I worked as an economist and policy adviser for the first part of my career. Later as a senior manager and strategic consultant, economics dropped back to simply part of my intellectual and management tool kit.
In the period since I first did economics, I have watched what I saw as the discipline's decline in the face of the inexorable rise of finance and financial analysis. Now economics is back.
I think the strength of economics lies not in its mathematical and quantitative aspects, but in the way its structure of thinking teaches one to ask questions, to analyse problems. In my view, and I accept that this is a prejudice, part of the reason for economics' decline lay in the way that the mathematical and quantitative elements came to dominate what had been a more broadly based discipline.
I would no longer claim to be a professional economist. I am too out of touch with recent developments in the profession. However, I am finding my core skills as an economist back in demand as I try to explain to myself and others some of the elements in the current economic turmoil. I am using the word economic rather than financial in this case because of the way that what was a financial crisis has spread to the real economy.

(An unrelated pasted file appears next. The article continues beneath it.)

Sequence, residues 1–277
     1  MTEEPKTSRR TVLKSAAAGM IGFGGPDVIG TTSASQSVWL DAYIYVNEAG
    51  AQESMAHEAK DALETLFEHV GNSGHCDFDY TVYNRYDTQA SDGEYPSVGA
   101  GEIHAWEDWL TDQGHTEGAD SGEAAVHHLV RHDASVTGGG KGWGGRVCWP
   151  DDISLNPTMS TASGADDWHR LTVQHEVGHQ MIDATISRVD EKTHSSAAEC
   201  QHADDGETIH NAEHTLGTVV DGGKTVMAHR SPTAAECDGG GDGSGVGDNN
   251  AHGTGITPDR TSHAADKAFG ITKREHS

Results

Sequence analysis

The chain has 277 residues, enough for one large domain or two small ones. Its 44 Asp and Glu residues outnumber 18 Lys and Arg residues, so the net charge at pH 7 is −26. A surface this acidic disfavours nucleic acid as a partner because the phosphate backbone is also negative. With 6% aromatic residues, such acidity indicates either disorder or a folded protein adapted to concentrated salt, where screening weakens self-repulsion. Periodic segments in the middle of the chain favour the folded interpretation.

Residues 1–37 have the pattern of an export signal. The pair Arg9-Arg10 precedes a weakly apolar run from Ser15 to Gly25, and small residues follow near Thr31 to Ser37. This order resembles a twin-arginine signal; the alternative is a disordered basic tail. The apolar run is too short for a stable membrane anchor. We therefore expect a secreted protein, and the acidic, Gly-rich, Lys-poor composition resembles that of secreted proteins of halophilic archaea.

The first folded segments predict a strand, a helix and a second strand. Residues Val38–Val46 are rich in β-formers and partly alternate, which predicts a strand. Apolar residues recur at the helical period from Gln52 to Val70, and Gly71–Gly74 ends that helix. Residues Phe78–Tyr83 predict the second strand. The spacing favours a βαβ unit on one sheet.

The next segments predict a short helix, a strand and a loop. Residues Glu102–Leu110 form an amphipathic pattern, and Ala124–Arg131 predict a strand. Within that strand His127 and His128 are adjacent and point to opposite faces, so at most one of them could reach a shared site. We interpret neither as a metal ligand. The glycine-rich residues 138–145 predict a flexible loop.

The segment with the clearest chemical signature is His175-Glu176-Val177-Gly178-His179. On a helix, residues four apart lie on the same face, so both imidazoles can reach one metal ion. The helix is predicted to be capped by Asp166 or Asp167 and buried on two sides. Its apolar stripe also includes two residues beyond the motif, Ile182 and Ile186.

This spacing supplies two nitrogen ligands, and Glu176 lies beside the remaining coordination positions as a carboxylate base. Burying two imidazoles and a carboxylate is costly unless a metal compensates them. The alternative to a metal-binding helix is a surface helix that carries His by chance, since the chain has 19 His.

Today's post on my personal blog, Puzzles about the fall of the Aussie dollar - more economics 101, discusses the implications of the fall in value of the Australian dollar. Here I saw little point in trying to explain the reasons for the fall - markets are as markets do. I was more concerned to try to understand the implications of the fall.
There is nothing especially profound in my analysis. Think of it simply as an outline of some of the variables involved.